Keeping an “i-on” chloroplast gene expression

DeTar et al. examined whether disruption of ion homeostasis affects plastid gene expression and chloroplast development.

Rachael Ann DeTar and Hans-Henning Kunz both at School of Biological Sciences at Washington State University & Plant Biochemistry at LMU Munich

Background: Proteins that transport simple charged molecules (ions) are components of all plant cell membranes, including chloroplast membranes. Chloroplast envelope membranes delineate the chloroplast from the rest of the cell, and the thylakoid membranes house many proteins used for photosynthesis. Each of these membranes contains its own set of ion transport proteins. The space between the envelope and thylakoid membranes is called the stroma. Ion transporters are responsible for maintaining the balance of ions or “ion homeostasis” of the stroma. The stroma contains a small genome with ~120 genes left over from the chloroplasts’ bacterial ancestor, as well as ribosomes and other machinery needed for gene expression. The expression of the chloroplast genome in coordination with genes in the nucleus is essential for chloroplast development and function. However, little is known about how ion homeostasis influences the expression of the chloroplast genome.

Question: We wanted to know if disrupting ion homeostasis would influence plastid gene expression, and in turn impair chloroplast development. This was inspired by the observation that losing two genes for K+ ion transporters in the chloroplast envelope, KEA1 and KEA2, delayed leaf greening and caused underdeveloped chloroplasts in Arabidopsis thaliana plants.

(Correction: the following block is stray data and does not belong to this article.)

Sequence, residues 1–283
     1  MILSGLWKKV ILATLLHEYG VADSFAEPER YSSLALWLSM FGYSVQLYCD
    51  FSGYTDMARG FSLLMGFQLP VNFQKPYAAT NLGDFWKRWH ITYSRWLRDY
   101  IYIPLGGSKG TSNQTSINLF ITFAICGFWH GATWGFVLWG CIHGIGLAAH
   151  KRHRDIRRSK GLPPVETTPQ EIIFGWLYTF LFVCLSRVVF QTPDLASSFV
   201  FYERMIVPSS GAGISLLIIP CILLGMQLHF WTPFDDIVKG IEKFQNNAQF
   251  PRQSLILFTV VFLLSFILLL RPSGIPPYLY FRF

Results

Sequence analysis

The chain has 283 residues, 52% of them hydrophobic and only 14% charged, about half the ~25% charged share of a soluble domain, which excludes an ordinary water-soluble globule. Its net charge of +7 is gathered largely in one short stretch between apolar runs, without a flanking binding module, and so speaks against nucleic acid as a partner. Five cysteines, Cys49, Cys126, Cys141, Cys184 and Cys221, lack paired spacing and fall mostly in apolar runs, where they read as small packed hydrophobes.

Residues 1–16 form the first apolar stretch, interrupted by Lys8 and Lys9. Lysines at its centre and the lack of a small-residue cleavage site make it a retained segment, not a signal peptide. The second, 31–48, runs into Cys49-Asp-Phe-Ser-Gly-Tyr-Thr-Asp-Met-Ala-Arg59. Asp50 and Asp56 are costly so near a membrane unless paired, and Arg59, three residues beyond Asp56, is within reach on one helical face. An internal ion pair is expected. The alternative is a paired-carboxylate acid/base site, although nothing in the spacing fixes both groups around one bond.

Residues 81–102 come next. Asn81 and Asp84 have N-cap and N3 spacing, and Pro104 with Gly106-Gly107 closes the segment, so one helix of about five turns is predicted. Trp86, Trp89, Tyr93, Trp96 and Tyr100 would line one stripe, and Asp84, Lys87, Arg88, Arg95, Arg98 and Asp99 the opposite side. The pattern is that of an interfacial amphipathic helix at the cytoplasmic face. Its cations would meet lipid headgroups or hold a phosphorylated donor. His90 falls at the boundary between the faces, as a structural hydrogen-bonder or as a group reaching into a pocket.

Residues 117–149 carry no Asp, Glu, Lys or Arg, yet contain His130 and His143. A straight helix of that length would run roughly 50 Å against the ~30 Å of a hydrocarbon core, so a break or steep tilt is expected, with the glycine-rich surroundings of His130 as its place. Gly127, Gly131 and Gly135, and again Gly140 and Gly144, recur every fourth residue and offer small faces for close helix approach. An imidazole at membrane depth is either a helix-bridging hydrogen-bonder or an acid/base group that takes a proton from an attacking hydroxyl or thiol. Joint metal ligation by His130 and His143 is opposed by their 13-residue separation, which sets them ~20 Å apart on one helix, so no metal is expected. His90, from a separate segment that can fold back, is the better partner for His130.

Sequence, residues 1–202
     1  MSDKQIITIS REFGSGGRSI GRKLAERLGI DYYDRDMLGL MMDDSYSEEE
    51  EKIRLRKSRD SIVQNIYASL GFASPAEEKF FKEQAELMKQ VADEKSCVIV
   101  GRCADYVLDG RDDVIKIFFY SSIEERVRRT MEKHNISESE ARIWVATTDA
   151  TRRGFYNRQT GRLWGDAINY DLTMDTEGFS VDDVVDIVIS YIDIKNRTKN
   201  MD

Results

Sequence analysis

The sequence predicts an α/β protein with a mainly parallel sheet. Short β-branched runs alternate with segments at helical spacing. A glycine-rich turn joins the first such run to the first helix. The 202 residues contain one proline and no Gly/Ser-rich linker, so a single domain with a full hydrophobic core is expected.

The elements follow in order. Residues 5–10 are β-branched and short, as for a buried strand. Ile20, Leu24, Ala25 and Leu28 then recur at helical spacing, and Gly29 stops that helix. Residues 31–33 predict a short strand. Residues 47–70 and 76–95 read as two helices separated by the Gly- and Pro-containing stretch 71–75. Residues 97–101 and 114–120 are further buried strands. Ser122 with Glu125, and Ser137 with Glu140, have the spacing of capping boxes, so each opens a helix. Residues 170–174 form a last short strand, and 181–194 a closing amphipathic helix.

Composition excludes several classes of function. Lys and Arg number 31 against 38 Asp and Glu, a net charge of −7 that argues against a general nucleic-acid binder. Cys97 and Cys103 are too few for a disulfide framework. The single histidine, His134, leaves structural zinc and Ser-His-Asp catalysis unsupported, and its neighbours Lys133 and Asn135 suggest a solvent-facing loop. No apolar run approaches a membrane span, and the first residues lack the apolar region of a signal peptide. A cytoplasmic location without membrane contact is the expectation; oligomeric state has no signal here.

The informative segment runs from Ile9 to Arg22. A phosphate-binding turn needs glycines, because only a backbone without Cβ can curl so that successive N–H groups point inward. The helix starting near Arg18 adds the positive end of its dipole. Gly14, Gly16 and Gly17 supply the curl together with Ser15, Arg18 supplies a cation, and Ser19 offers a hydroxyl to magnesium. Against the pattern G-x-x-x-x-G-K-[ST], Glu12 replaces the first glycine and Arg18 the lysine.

Findings: Plants missing KEA1 and KEA2 struggled to complete RNA maturation—the process where a newly transcribed RNA is cut or otherwise altered—in the chloroplast. Our experiments showed that the nuclear-encoded helper proteins for RNA maturation struggled to bind their stromal partner RNA in plants missing KEA1 and KEA2. This defect was prominent for chloroplast ribosomal RNAs. Correspondingly, there were fewer functional ribosomes, and chloroplast protein synthesis rates were low in mutants. As a result, plants missing KEA1 and KEA2 lack enough important chloroplast proteins, and thus remain underdeveloped.

Next steps: We have an intriguing hypothesis that KEA1 and KEA2 activity is altered to regulate chloroplast gene expression, and hence chloroplast development. We want to investigate this hypothesis by testing if these transporter proteins interact directly with components of the chloroplast gene expression machinery, and if doing so influences ion transport activity. Our research has revealed a role for ion transporters in the plant cell.

Rachael Ann DeTar, Rouhollah Barahimipour, Nikolay Manavski, Serena Schwenkert, Ricarda Höhner, Bettina Bölter, Takehito Inaba, Jörg Meurer, Reimo Zoschke, Hans-Henning Kunz. (2021). Loss of inner-envelope K+/H+ exchangers impairs plastid rRNA maturation and gene expression. Pl